May 18, 2008
BOGOTA (Reuters) - Colombian authorities on Sunday rejected charges from Venezuela that their troops had crossed the frontier in the latest incident to test fraying relations between the Andean neighbors.
Venezuela over the weekend accused 60 Colombian soldiers of entering its territory in what Caracas said was a provocation that aimed to destabilize the region.
The tension exacerbates sharp divisions in the Andes, where Colombian President Alvaro Uribe is a close Washington ally and Venezuela's Hugo Chavez a purveyor of anti-U.S. sentiment.
"There has been no incursion," Colombian Defense Minister Juan Manuel Santos told local radio, saying a river in the area would have prevented troops crossing. "It would have been practically impossible for it to happen as they say."
Tension has simmered since Colombia raided inside Ecuador and killed a rebel leader in March. After Ecuador broke off relations, Chavez ordered tanks to the porous border that cuts through jungle and mountains to support his leftist ally.
Venezuela said the incursion occurred on Friday, a day after Chavez said he would review diplomatic and trade ties with Colombia following an Interpol probe that helped reinforce charges that he supports Colombia's Marxist FARC guerrillas.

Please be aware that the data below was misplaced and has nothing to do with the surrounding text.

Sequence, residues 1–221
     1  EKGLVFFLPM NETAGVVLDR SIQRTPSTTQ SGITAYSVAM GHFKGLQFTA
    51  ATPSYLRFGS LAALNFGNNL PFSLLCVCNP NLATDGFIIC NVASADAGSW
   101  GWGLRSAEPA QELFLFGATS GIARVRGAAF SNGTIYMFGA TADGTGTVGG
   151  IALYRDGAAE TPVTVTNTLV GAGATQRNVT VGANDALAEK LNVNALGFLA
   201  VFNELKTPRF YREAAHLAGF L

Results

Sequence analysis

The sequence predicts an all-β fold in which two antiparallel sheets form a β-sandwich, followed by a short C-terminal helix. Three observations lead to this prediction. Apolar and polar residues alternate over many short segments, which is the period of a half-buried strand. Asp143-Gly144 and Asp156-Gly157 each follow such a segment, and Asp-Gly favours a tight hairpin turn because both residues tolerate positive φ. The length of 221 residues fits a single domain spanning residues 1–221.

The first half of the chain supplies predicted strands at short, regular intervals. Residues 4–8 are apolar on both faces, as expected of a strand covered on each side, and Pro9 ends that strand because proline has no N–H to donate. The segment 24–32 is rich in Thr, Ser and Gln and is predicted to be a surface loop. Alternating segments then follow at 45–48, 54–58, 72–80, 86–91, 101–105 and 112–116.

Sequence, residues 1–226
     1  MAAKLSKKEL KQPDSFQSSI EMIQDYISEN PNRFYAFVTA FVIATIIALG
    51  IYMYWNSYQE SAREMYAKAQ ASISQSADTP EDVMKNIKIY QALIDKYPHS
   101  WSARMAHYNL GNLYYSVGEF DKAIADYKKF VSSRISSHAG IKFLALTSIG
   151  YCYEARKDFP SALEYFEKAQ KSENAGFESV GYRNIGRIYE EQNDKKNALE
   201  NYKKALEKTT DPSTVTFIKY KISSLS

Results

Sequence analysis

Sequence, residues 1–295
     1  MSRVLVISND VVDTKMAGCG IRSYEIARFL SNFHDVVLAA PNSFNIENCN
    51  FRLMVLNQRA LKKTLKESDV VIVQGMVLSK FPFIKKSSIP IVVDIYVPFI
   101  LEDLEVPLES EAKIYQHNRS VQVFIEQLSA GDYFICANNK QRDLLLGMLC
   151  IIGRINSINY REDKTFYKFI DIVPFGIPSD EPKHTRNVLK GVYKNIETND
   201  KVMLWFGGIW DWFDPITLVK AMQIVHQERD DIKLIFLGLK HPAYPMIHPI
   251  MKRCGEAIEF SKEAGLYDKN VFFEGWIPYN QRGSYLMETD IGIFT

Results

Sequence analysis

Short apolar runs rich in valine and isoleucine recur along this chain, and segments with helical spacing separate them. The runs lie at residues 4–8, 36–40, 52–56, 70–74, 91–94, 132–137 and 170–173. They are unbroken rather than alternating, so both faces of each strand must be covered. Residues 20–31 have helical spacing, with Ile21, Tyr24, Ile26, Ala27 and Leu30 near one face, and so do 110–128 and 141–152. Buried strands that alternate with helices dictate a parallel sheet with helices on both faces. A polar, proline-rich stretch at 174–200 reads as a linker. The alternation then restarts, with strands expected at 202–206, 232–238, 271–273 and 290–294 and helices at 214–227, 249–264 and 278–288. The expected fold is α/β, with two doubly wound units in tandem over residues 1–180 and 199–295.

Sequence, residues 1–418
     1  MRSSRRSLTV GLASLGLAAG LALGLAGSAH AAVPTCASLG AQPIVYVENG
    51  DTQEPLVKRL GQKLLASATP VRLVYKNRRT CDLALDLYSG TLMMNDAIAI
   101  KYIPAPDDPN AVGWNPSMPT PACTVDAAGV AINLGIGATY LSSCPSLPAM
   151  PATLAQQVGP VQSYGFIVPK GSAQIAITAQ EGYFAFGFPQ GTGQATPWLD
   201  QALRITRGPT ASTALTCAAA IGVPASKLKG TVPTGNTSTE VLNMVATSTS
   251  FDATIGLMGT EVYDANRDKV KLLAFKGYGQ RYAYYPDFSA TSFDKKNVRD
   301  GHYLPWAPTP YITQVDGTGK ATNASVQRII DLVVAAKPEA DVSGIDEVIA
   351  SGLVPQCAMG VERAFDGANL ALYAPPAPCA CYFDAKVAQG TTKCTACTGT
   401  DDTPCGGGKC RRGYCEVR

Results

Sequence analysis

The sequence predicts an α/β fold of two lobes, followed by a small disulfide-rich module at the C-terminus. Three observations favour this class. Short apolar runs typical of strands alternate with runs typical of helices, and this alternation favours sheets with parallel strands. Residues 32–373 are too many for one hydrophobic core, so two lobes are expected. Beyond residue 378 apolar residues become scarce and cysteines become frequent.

Colombian and U.S. officials say documents and files found on the captured computer of the slain rebel leader show that Chavez and Ecuadorean leader Rafael Correa have provided support to the rebels, who U.S. officials label cocaine-smuggling terrorists.
Chavez and Correa have dismissed these accusations as U.S.-inspired propaganda.
Despite occasional brinkmanship, fiery rhetoric and the risk of military missteps on the border, analysts say open conflict is highly unlikely. There is heavy cross-border trade among the three Andean countries.
Incidents along the Venezuelan and Colombia frontier are common as the rugged territory makes it hard to define exactly where the frontier is located in some spots.
Earlier this year a Venezuelan patrol got lost after crossing over in the north of the country. They were helped back into Venezuela by Colombian authorities.
(Reporting by Patrick Markey, editing by Alan Elsner)